This hymn of Luther’s is not only used by Lutherans the world over. It is the Hymn of Protestantism. It would be hard to find a Protestant hymnal worthy of the name in which this hymn is not. It has been rightly called “the greatest hymn of the greatest man in the greatest period of German history.” Its wide appeal is best illustrated by the fact that no hymn has been translated into more languages than “Ein’ feste Burg.” (The Handbook to The Lutheran Hymnal, p. 193)
a very present help in trouble.
7 The Lord of hosts is with us;
the God of Jacob is our fortress. (ESV)
The following translation, now 100 years old, is from Common Service Book of the Lutheran Church (1917):
1 A mighty Fortress is our God,
A trusty Shield and Weapon;
He helps us free from every need
That hath us now o'ertaken.
The old bitter foe
Means us deadly woe;
Deep guile and great might
Are his dread arms in fight:
On earth is not his equal.
2 With might of ours can naught be done,
Soon were our loss effected;
But for us fights the Valiant One
Whom God Himself elected.
Ask ye, Who is this?
Jesus Christ it is,
Of Sabaoth Lord,
And there's none other God;
He holds the field for ever.
3 Though devils all the world should fill,
All watching to devour us,
We tremble not, we fear no ill,
They cannot overpower us.
This world's prince may still
Scowl fierce as he will;
He can harm us none;
He's judge, the deed is done,
One little word o'erthrows him.
4 The Word they still shall let remain,
Nor any thanks have for it;
He's by our side upon the plain
With His good gifts and Spirit,
Take they then our life,
Goods, fame, child, and wife,
When their worst is done,
They yet have nothing won:
The Kingdom ours remaineth.
So what did Luther’s original text and tune look and sound like in his own time? The following video shows a “period score,” known as a broadsheet, which contains two stanzas of this hymn. Indeed, this hymn has been through so many evolutions, it behooves us during this 500th anniversary of the Reformation to go ad fontes (“to the source”) and recall what Luther had in mind when he penned this hymn in the late 1520’s. As you watch and listen to this video, ask yourself how this performance practice is different from hymn singing in our own day:
In the seventeenth century, Luther’s musical heirs made the most of this hymn, but in the musical language of their own day. In the days of Michael Praetorius (1571-1621), for instance, it was common to write chorale preludes, i.e., sacred works for organ that were based on familiar hymn tunes. The more elaborate version of the chorale prelude was the fantasia, as you will hear in the next video. I hesitate to invite the reader to watch an eleven-minute video, but I do not think you will be disappointed! Listen for the melody and its variations in the following video (the music starts at 0:52), which was filmed in Bach’s own St. Thomas Leipzig.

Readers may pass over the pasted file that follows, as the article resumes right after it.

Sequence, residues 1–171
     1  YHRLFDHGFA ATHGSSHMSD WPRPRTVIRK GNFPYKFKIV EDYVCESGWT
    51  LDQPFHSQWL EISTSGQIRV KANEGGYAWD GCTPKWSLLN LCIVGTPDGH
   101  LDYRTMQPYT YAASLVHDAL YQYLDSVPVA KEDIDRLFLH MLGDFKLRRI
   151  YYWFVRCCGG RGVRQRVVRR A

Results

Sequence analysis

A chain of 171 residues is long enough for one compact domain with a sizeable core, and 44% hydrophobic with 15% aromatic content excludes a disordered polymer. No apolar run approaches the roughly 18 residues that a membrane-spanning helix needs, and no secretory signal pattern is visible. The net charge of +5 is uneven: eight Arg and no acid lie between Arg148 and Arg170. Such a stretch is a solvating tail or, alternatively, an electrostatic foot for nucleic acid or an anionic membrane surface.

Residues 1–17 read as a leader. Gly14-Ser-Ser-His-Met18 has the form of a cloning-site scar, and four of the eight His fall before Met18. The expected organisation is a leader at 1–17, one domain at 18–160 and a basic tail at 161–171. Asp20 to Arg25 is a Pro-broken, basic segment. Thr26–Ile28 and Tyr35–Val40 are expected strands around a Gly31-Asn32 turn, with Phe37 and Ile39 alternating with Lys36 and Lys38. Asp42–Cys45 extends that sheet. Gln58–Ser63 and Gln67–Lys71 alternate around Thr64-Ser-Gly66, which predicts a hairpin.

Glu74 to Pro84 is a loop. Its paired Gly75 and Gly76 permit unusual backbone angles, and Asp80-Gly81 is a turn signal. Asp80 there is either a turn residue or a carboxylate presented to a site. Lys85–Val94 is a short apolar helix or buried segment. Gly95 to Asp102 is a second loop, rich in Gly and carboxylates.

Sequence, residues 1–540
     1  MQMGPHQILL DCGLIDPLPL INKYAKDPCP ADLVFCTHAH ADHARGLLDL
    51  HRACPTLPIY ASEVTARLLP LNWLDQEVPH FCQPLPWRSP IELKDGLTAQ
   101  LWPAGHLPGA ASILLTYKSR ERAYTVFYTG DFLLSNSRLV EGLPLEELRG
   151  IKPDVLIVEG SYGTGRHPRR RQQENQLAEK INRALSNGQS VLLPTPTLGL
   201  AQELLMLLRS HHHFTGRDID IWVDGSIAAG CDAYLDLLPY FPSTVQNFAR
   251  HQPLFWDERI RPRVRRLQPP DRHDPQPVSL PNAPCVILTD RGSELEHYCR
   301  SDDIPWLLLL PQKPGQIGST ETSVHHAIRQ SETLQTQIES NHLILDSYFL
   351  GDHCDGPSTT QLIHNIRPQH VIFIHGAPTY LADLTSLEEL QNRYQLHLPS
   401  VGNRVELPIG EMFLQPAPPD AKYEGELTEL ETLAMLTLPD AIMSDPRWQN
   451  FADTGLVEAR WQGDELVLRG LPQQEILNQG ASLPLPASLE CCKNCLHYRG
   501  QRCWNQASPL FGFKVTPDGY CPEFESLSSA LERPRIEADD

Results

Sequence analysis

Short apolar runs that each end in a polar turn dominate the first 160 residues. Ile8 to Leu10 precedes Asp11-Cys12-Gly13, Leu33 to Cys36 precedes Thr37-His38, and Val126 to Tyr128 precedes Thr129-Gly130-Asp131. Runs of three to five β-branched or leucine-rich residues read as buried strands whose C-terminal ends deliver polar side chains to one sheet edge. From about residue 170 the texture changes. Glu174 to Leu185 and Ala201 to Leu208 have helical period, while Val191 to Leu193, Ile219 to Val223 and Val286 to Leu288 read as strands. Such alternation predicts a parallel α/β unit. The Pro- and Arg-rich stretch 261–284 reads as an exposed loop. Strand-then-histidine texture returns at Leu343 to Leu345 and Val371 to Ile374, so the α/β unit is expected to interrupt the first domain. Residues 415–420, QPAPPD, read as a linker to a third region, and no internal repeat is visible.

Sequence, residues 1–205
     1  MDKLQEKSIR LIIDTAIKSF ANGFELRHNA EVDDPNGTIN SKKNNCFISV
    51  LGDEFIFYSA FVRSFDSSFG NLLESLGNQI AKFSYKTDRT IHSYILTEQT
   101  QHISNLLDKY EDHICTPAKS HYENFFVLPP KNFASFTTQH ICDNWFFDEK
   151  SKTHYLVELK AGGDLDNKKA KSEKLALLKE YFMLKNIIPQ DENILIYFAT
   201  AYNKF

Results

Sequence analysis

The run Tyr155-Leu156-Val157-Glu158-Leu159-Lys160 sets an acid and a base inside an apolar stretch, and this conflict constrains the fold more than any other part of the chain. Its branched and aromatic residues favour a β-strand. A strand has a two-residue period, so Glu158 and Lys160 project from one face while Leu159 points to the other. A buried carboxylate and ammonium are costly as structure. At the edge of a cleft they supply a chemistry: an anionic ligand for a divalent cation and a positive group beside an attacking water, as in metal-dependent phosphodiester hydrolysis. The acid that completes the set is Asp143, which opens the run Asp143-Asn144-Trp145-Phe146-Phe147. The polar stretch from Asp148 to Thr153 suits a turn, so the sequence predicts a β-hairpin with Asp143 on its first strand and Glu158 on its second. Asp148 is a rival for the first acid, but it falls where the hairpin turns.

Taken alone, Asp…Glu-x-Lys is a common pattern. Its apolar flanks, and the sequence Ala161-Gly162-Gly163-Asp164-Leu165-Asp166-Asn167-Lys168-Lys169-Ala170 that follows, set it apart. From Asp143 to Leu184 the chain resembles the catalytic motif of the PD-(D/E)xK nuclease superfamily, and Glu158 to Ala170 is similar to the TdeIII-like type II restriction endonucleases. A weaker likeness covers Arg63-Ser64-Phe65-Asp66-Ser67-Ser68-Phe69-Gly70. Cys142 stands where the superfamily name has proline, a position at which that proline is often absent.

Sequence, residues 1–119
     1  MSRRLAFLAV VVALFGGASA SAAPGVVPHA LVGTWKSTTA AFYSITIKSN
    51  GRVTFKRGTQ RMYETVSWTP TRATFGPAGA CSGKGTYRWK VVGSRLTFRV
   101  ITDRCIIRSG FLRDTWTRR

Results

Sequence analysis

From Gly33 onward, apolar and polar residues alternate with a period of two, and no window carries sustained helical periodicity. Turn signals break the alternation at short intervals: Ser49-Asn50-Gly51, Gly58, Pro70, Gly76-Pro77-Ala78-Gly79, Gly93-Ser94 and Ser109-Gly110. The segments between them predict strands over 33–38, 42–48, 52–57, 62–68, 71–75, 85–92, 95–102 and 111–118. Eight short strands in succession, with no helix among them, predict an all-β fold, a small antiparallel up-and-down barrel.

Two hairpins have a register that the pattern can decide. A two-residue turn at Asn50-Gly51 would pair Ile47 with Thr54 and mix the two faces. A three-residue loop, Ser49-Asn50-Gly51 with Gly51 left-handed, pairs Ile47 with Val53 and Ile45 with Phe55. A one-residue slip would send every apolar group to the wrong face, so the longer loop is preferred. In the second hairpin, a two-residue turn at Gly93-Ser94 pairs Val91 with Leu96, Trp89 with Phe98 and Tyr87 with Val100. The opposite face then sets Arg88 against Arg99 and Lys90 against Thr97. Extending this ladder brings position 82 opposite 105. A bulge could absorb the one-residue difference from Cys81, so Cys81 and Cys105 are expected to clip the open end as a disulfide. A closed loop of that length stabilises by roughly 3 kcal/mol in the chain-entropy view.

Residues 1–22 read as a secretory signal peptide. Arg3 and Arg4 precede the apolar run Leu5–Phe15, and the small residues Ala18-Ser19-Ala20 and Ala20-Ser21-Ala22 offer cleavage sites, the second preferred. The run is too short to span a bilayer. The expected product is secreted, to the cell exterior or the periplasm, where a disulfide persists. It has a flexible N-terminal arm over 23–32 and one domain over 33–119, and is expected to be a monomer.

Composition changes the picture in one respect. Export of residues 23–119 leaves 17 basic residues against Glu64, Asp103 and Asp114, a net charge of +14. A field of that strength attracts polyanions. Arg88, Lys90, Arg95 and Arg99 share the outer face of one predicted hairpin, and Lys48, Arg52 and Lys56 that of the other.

The Lutheran revival of the 19th century was somewhat unknowingly supported by the music of Mendelssohn. (He was a Reformed Christian with Lutheran association, but not a Lutheran confessor by any stretch of the imagination.) His revival of J. S. Bach’s St. Matthew Passion in 1829 was the first complete performance of this work outside of Bach’s Leipzig and since Bach’s death. We have documented in previous issues of “Lifted Voice” how Bach’s Mass in B Minor went behind the Iron Curtain in 1962, thereby going where the preacher cannot go—to the concert hall. So also the music of Mendelssohn and, to a lesser extent, Max Reger, whose elaborate music is more fitting for recitals than for church services. Even the youth and ethnicities featured in some of the videos in this column are a reminder that the message of the Reformation, like the Gospel itself, resounds around the world. From Luther’s occasional invitation to Philip Melanchthon (1497-1560) to sing a few stanzas of the 46th Psalm by themselves to the countless host that will sing this hymn with vigor on October 31, 2017, the message of justification by grace through faith will let all the world in every corner sing.
Come, fellow sons of the Reformation! Let us sing the 46th Psalm!